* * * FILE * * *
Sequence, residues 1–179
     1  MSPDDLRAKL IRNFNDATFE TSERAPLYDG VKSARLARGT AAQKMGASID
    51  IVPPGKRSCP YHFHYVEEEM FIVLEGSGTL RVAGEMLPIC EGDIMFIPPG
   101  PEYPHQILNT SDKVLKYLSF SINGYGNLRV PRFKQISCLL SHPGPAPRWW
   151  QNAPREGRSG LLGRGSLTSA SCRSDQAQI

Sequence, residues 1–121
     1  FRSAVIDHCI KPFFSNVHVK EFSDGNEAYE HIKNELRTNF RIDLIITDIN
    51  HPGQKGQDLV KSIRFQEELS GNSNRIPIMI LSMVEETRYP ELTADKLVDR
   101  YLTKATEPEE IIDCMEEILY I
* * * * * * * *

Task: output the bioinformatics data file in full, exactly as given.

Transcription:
Sequence, residues 1–179
     1  MSPDDLRAKL IRNFNDATFE TSERAPLYDG VKSARLARGT AAQKMGASID
    51  IVPPGKRSCP YHFHYVEEEM FIVLEGSGTL RVAGEMLPIC EGDIMFIPPG
   101  PEYPHQILNT SDKVLKYLSF SINGYGNLRV PRFKQISCLL SHPGPAPRWW
   151  QNAPREGRSG LLGRGSLTSA SCRSDQAQI

Sequence, residues 1–121
     1  FRSAVIDHCI KPFFSNVHVK EFSDGNEAYE HIKNELRTNF RIDLIITDIN
    51  HPGQKGQDLV KSIRFQEELS GNSNRIPIMI LSMVEETRYP ELTADKLVDR
   101  YLTKATEPEE IIDCMEEILY I